New NJ Law Seeks To Ban Sale Of Puppy Mill Dogs
It’s an uncomfortable and unfortunate truth: those adorable puppies you see in the window of your local pet shop? There’s a good chance they came from a puppy mill, raised in deplorable conditions by someone whose only concern is how much money can be made off the back of each pup.
And sadly, the statistics are staggering: there are an estimated 10,000 puppy mills in the United States alone, producing some 2,000,000 puppies per year.
New Jersey Senator Ray Lesniak is hoping to change all that with the introduction of bill S63, which passed a vote in the state’s Senate Budget Committee last week, and will likely be voted on this coming Thursday by the full Senate.
If the bill passes the Senate — which it’s expected to — it will introduce a deservedly harsh set of new regulations banning the sale of puppy mill pooches in New Jersey pet stores and beyond.
Current law in NJ states places sets requirements some requirements for pet stores: they cannot sell dogs or cats from a breeder not licensed by the U.S. Department of Agriculture, or from breeders who have a number of Animal Welfare act violations. Still, it’s not enough — and this is where bill S63 comes in.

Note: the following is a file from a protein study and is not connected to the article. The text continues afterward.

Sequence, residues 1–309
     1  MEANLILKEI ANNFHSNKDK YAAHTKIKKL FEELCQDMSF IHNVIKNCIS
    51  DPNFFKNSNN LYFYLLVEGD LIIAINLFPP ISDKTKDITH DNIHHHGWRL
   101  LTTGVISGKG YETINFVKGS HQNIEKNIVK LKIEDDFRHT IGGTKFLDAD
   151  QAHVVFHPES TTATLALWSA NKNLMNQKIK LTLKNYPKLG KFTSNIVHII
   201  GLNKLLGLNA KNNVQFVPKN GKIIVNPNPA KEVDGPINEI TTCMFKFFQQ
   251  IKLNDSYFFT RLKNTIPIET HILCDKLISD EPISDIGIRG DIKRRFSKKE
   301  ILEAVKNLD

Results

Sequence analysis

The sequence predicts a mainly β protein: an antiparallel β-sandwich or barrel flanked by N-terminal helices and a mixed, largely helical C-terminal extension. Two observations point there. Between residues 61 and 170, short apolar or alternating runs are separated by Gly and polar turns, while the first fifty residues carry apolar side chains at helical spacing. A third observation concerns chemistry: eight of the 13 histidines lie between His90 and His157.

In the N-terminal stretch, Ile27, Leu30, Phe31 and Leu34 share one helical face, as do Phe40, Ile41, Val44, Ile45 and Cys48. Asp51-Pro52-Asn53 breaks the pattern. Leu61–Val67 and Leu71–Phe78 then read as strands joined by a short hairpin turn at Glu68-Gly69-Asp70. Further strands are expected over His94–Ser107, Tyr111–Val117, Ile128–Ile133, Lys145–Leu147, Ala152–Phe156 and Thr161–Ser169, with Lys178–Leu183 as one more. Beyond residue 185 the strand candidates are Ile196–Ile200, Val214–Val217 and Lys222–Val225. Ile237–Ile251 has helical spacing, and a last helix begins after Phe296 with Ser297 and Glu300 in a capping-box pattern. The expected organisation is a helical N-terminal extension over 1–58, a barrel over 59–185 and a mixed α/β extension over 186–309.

The bill targets the increasingly popular world of online puppy sales. The law would require anyone who sells five or more dogs or cats “sight unseen” to people inside the state of New Jersey to comply with the law’s requirements. “Sight unseen” means that the new owner hasn’t met the animal before purchasing them, which would absolutely apply to online pet sales.
On top of that, the bill also prohibits outdoor pet sales, such as at flea markets and in parking lots — very sketchy and unregulated places to purchase a pet, making them prime locations for puppy mill and backyard breeders.
Additionally, S63 would require that any new pet stores could only sell animals from shelters and rescue groups (YAY!). Existing pet stores would eventually be grandfathered in. This would make New Jersey the first state to enact these kind of animal welfare laws at the state level — most similar laws are only enacted at the city or county level.
A representative from the Humane Society of the United States calls bill S63 “the most comprehensive puppy mill sales bill to ever be introduced”.
All in all, this is a huge step forward for animal protection. We can only hope that other states will follow suit in the very near future.
Christina Peden is a lifelong animal lover and avid wordsmith. She lives in Toronto with her boyfriend Ryan where they are proud pet parents to puppy, Matilda and cat, Oscar. In her spare time, she can be found enjoying Toronto, Canada's all-too-short patio season, taking advantage of the city's numerous parks or curled up with a good book.
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